WHO lifts travel restriction advisory on Beijing


BEIJING (AP) - The World Health Organization on Tuesday lifted a recommendation to avoid unnecessary travel to Beijing because of concerns about SARS. 

The announcement was made to applause at a news conference in Beijing by Shigeru Omi, WHO regional director for the western Pacific region. 

Omi said the decision to lift the advisory was based on consideration of factors including the number of current SARS cases, quality of surveillance measures and the effectiveness of prevention measures. 

"After careful analysis, WHO has concluded that the risk to travelers to Beijing is now minimal,'' Omi said. 

Beijing was the last remaining place under a WHO travel advisory due to concerns about the global outbreak of severe acute respiratory syndrome that surfaced in southern China in November. 

The SARS crisis peaked in March and April before ebbing worldwide as officials isolated patients and screened travelers for symptoms. 

The disease has killed more than 800 people, and infected more than 8,400. 

Beijing also was simultaneously removed from a WHO list of places with recent local transmissions of the disease, leaving only Taiwan and Toronto on that list. 

Travel advisories for those two places already have been lifted. Taiwan's lifting came Monday. 

Removal from the second list comes after a place has gone 20 days since isolating its last confirmed case of SARS. 

"WHO has concluded that the chain of person-to-person transmission in Beijing has been broken,'' Omi said. - AP 

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Earlier report 

BEIJING (AP) - A top World Health Organization official is visiting Beijing amid expectations the agency will lift a SARS travel advisory that has contributed to huge losses to the Chinese capital's tourism industry. 

Dr. Shigeru Omi was meeting top Chinese Health Ministry officials on Tuesday to discuss strengthened cooperation and "other subjects of mutual interest,'' the WHO's Beijing office said in a brief news release.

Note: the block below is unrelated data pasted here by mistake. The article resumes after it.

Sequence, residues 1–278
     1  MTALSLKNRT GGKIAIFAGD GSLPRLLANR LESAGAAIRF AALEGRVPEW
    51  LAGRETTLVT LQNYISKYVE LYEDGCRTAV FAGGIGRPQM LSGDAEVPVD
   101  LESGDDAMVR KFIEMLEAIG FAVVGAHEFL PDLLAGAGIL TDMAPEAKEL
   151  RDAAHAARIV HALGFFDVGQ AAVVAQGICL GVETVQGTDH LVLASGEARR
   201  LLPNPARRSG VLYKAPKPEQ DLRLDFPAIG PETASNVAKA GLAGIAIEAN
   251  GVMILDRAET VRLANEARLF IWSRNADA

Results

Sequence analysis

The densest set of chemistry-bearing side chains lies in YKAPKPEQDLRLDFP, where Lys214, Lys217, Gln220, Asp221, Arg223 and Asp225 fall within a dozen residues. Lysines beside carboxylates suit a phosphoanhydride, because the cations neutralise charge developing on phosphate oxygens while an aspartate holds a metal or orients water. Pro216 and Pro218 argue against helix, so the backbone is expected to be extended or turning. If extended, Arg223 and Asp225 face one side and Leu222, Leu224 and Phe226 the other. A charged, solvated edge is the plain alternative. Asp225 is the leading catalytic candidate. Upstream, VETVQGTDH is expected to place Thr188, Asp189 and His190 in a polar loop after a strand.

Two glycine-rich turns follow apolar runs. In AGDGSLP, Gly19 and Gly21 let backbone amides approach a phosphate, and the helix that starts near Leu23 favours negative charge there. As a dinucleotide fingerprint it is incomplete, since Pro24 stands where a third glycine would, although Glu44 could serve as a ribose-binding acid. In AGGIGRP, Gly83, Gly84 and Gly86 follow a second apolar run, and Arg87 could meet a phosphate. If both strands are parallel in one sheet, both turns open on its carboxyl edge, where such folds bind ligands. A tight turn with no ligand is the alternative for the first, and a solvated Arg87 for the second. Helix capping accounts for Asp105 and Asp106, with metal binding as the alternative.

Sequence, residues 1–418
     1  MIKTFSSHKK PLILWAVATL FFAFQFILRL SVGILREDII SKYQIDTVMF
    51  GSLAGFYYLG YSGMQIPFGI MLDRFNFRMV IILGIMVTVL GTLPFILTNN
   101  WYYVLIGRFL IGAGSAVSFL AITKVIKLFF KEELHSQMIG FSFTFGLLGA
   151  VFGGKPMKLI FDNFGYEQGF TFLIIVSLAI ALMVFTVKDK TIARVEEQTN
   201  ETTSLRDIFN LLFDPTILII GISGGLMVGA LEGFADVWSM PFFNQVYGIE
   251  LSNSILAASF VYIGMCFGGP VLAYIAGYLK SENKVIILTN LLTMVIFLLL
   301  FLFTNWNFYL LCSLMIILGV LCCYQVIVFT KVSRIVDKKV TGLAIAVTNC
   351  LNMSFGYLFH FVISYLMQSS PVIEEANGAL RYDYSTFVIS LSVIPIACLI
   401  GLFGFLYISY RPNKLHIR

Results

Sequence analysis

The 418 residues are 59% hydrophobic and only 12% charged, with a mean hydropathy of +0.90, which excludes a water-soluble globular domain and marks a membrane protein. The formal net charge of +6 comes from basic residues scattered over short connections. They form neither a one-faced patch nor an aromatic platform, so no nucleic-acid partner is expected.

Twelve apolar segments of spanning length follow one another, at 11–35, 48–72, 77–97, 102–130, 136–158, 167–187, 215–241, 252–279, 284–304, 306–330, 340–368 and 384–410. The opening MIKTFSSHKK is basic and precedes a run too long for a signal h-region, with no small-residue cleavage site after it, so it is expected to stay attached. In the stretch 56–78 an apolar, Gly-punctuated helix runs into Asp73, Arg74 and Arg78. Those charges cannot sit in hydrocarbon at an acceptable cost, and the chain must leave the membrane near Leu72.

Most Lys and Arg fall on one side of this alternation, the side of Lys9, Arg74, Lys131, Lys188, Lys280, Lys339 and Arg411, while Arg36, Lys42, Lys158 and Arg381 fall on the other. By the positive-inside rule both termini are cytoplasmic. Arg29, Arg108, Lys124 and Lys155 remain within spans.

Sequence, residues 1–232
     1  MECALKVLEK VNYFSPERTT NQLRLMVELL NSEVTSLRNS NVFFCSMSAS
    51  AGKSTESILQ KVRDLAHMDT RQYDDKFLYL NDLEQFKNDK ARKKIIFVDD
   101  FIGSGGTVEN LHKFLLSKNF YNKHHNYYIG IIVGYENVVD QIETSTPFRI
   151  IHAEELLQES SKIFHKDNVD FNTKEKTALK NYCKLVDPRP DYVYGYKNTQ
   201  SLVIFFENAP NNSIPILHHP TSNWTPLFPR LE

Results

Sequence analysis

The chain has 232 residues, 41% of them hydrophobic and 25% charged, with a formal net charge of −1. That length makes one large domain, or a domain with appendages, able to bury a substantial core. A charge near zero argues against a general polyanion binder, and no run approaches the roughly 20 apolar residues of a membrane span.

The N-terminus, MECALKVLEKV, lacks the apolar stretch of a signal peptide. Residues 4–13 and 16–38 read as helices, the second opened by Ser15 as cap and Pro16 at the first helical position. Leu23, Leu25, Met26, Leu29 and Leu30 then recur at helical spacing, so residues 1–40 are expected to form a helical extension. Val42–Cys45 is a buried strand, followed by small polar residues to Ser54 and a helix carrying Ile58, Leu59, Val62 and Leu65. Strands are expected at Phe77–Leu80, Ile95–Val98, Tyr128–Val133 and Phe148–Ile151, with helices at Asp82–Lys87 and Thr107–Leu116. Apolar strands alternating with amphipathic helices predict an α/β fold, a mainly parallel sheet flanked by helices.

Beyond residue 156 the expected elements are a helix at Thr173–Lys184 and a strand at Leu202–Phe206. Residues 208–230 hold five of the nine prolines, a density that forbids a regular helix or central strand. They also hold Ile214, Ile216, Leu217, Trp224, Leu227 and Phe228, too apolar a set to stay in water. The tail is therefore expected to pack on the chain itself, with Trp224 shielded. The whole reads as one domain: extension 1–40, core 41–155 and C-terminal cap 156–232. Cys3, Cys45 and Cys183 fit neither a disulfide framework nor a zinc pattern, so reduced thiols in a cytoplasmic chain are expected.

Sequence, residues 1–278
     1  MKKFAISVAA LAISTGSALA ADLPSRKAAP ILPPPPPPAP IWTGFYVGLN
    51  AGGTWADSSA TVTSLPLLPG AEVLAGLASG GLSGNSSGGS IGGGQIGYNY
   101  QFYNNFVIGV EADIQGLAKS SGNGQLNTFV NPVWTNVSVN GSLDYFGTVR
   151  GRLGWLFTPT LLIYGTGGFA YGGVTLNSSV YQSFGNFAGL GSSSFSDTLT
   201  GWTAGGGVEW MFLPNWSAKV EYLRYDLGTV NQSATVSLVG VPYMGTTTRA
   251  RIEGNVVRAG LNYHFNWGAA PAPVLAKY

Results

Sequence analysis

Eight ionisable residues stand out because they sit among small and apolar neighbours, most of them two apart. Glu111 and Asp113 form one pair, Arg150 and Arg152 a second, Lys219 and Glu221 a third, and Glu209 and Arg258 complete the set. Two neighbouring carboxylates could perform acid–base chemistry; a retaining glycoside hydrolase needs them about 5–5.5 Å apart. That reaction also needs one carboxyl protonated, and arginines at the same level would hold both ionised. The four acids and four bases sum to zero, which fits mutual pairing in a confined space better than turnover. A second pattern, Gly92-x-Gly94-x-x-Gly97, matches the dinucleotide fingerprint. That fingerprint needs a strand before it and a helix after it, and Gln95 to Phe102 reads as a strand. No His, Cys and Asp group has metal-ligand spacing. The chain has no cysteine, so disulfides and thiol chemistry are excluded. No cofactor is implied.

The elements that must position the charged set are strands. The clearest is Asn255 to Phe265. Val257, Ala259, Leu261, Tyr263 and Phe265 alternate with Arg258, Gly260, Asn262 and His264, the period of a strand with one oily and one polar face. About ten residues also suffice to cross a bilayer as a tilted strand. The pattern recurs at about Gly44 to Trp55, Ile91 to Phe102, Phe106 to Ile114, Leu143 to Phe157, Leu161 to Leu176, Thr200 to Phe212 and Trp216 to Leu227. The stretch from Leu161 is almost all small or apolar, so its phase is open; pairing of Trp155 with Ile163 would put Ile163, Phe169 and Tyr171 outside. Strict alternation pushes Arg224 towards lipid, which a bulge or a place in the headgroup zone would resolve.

Omi, WHO's regional director for the western Pacific, was to attend a news briefing with Chinese officials at 3:00 p.m. (0700 GMT), the office said. 

Beijing newspapers on Tuesday quoted a spokesman for the city anti-SARS task force saying Beijing has applied for a lifting of the advisory and expects that to happen "very soon.'' 

Liang Wannian, also a deputy director of the city Health Bureau, said Beijing has met WHO criteria including having fewer than 60 patients in hospital with severe acute respiratory syndrome and fewer than five new cases a day for three days. 

"We have achieved a new stage in victory against SARS,'' Liang was quoted saying by the Beijing Star Daily. 

WHO spokesman Bob Dietz said he could "neither confirm or deny'' that an announcement on the travel advisory might be made. 

Beijing is the last region in China still under the advisory, although the city has gone 12 days without reporting any new cases. 

Beijing accounts for more than half of China's 347 deaths from severe acute respiratory syndrome. 

WHO officials have repeatedly expressed concern that city health authorities haven't traced how more than half of the cities cases caught the disease. 

The travel advisory, which urges people to delay any non-urgent trips to Beijing, has helped discourage international visitors, devastating the capital's travel industry. 

Combined with the effect of China's own domestic restrictions on travel between regions, the city will have seen almost 10 million fewer visitors in the first half of the year, costing the city's tourism businesses an estimated 16 billion (US$1.9 billion). 

Amid falling case numbers, authorities have gradual lifting of anti-disease measures that shut down schools and other public facilities in Beijing and curtailed travel. - AP 

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